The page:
There was a lot of othering as well – we start with the Kindred and automatically, from this name, we’re supposed to understand that these are the good guys but with an internal bad guy. Then there’s the Wolfen who, as the name suggests, follow the wolf and throughout the text are, supposedly, no better than animals and these two groups all try to evade the Cohort, because they just kill and rape everything that moves. It was all a bit melodramatic.

As you’re reading this review, you’re probably thinking, yes, humans but what about the first dog. Well this is where the tenuous link between the title and the content comes into play. A female wolf is attacked by a lion and subsequently births her pups in a cave. She’s found by Mal who looks after them and ultimately, keeps the female pup with him until she’s tame and loyal. It’s how most animals are tamed or broken. There’s nothing new here. As for it being “the first time”, well, it’s all just a bit easy.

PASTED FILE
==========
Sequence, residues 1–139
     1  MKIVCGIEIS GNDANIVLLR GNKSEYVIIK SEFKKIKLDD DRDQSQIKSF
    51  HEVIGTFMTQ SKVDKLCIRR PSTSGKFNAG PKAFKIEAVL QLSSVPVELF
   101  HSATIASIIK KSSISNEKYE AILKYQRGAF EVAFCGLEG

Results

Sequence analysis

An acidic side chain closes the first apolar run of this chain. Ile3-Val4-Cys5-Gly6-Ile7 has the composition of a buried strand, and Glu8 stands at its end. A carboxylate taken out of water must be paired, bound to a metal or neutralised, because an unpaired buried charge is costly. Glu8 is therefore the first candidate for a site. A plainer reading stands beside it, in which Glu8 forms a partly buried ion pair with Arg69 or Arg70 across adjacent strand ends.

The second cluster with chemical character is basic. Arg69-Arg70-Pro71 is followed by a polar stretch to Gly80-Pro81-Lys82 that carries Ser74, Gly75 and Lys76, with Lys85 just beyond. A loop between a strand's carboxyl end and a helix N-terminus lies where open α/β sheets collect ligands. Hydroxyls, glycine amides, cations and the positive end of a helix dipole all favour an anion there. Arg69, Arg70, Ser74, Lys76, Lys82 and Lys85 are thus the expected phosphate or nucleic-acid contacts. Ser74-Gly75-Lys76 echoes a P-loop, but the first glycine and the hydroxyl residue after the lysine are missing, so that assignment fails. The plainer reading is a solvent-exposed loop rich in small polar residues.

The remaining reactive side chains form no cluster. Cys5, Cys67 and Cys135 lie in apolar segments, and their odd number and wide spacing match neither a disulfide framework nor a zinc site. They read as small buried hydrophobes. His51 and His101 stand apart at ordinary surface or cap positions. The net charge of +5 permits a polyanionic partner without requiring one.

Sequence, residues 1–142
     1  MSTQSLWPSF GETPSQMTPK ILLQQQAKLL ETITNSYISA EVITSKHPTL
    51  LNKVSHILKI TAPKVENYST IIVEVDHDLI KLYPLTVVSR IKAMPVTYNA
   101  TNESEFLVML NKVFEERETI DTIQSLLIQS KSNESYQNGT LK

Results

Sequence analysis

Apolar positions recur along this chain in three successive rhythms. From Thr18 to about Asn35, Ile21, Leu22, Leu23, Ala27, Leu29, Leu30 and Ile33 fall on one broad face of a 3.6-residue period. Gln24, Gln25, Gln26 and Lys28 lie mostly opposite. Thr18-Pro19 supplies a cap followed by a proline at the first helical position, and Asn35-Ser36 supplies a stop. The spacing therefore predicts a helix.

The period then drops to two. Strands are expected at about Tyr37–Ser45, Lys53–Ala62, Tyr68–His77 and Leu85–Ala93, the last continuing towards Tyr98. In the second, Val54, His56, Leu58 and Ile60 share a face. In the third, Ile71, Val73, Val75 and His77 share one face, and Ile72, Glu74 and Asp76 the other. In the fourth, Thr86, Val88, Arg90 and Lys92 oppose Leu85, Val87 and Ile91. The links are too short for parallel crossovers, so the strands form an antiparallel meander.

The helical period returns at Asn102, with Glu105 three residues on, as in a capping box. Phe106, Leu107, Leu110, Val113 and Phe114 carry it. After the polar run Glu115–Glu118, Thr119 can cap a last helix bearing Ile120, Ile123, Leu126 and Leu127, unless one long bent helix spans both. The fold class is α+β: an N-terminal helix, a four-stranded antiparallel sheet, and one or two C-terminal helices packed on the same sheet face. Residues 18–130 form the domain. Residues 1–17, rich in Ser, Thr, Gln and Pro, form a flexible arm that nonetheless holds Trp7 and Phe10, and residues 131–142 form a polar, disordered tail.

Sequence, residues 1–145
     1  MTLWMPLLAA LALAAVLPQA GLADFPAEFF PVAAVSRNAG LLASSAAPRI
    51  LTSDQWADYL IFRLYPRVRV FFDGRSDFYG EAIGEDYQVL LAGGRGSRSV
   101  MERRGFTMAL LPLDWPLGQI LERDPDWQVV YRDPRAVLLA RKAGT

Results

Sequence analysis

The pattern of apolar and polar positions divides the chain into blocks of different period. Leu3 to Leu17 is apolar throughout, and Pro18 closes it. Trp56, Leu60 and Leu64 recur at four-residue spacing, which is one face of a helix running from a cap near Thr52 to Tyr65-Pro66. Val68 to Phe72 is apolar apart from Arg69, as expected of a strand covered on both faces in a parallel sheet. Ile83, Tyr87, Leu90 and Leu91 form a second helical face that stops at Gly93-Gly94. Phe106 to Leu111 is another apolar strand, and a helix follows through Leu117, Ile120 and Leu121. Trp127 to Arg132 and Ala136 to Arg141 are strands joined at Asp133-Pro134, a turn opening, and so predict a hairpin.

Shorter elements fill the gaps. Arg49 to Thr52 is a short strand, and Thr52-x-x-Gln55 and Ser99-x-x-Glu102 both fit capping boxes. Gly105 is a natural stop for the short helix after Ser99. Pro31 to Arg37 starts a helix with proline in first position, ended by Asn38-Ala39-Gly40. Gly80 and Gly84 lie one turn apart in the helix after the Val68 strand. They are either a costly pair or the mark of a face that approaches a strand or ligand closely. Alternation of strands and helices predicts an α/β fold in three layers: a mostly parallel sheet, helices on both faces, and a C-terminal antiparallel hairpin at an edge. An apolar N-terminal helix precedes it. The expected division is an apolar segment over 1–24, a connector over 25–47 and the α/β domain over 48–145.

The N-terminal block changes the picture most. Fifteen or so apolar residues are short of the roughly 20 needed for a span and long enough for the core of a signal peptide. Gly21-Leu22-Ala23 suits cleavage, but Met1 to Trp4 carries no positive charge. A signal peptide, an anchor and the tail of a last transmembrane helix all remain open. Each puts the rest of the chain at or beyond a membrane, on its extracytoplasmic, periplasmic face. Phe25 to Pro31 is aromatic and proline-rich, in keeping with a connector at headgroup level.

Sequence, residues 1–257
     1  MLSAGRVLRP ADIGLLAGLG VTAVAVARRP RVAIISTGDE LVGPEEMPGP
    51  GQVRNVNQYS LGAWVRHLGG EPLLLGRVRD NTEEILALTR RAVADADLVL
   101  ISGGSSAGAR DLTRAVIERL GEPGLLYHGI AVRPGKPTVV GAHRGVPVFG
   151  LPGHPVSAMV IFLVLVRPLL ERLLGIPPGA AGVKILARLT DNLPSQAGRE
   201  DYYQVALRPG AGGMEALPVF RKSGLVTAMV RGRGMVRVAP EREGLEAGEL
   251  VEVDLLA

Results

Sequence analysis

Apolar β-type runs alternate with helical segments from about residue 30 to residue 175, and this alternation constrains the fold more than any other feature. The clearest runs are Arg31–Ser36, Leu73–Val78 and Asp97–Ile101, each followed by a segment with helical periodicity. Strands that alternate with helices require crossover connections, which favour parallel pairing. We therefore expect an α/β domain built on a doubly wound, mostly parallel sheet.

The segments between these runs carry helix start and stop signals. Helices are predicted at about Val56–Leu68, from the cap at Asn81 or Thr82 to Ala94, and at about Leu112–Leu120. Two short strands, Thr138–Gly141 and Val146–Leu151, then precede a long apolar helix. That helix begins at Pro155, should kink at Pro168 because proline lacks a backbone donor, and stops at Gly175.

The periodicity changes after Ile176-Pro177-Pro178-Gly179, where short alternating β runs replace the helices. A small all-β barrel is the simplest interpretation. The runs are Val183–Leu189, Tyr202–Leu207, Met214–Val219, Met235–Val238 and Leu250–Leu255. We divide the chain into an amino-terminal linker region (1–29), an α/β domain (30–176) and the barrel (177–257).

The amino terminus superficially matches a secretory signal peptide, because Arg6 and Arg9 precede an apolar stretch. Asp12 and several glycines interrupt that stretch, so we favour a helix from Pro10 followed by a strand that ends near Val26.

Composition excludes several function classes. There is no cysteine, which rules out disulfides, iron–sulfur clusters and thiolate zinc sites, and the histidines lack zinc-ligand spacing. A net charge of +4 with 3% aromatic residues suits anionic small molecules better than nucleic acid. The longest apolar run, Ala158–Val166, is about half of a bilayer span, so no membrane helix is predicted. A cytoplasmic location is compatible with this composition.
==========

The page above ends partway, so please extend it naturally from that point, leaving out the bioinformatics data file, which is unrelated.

Would I recommend this book to other readers? Yes. Do I think it’s worth the time of reading it when there’s so much else out there? Eh. Maybe. Would I call The Dog Master an epic or a masterpiece as some of my reading brethren have? No.

Between Sisters written by Cathy Kelly

Between Sisters

Title: Between Sisters
Author: Cathy Kelly
Publisher:  Orion Publishing Ltd.
Date of Publication:  08 October 2015
Number of Pages: 368

Rating: 3-star

Summary: Cassie has spent her married life doing everything right – making sure her children have the perfect life, being a devoted wife to her husband and a dutiful daughter-in-law to his mother, even when her patience has been tested. Although it has left her so exhausted that ‘wine o’clock’ comes a little earlier each afternoon. But she wouldn’t change a thing, she’s certain, until temptation comes her way…